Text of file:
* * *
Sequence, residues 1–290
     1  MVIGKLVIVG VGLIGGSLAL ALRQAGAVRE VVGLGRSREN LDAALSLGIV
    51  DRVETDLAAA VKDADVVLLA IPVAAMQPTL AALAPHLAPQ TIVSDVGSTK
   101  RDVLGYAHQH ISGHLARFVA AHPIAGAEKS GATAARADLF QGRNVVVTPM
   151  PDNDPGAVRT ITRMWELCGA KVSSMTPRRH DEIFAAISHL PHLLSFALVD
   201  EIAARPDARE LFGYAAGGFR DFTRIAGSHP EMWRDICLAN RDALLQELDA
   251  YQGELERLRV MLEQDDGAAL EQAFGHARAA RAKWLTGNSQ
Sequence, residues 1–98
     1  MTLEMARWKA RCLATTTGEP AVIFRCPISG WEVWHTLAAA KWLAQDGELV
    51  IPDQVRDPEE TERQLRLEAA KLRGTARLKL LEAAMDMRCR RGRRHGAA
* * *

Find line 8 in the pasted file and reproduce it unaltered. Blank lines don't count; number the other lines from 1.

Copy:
Sequence, residues 1–98